CNC shop owners and managers must consider every opportunity for cutting operating costs, in order to offset the advantages of competitors elsewhere in the world.

Four Cost-Cutting Tips for CNC Machining

July 31, 2014
Competition is fierce, but every shop has opportunities to lower their operating costs Local rates, global costs Labor, materials, tooling Recyling chips, saving coolant

CNC machining continues its development into a competitive global business, essentially due to range of machine shops operating in most regional markets, and their access to globally established process technology. In particular, it’s increasingly the case that better-equipped shops are operating in markets with very low labor rates. As a result, CNC shop owners and managers must consider every opportunity for cutting operating costs, in order to offset the advantages of competitors elsewhere in the world.

There are four specific ways that CNC machine shop owners and managers can work to reduce costs, resulting in better overall profitability:

The first cost to address is raw materials: Determining the total requirements of the organization may reveal it is possible to achieve savings with bulk purchases of common materials. Another approach may be to place a blanket order along with scheduled releases.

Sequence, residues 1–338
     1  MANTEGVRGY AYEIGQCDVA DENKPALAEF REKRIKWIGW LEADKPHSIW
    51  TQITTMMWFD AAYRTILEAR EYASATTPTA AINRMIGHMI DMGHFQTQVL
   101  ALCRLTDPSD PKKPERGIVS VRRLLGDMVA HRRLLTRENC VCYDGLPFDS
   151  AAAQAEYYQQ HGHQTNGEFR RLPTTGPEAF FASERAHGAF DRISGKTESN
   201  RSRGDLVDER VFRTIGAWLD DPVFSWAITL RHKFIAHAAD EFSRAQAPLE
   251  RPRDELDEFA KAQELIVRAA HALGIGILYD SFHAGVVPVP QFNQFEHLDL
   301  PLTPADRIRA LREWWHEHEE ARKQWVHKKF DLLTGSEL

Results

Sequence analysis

Still another way to reduce material costs is by purchasing the material drops from the raw material vendor: raw material companies supply most of their customers with the cut-to-length material from full-length bars, so the left-over lengths are often discounted.

The second area for possible cost involves tooling, usually a major expense for CNC machining operations. A shop can purchase carbide inserts in large volumes, or it can place blanket orders with an assurance of regular releases. This would allow the buyer to take advantage of volume discounts.

Another cost-cutting possibility for tooling purchases is to adopt more effective cutting and sharpening practices, to prolong tool life.

Another option is to shop for cheaper CNC tooling from auction houses.

The third consideration for cost-conscious CNC shops is chip recycling. Along with the rising costs of commodities, the value of the chips cannot be overstated. While keeping different materials separated by storing it in separate barrels, it should be labeled clearly with identifying tags, so that different materials are not mixed. The recycled value of different materials will range from region to region, and buyers may be expected to offer better prices for material that is properly separated and identified.

The last area for controlling CNC machining costs involves coolants. Most machine shops simply dispose their coolant after a customary period, as fluids become contaminated, and may cause smoke to fill up the work area. This problem can be handled by an oil skimmer, in lower-volume shops; or an oil/water separator unit for higher-volume operations. Individual manages or operators will need to investigate the return on investment and pay-off period that these units offer their specific operations.

Daniel Clark is a blogger and marketing consultant for the CNC equipment sector.

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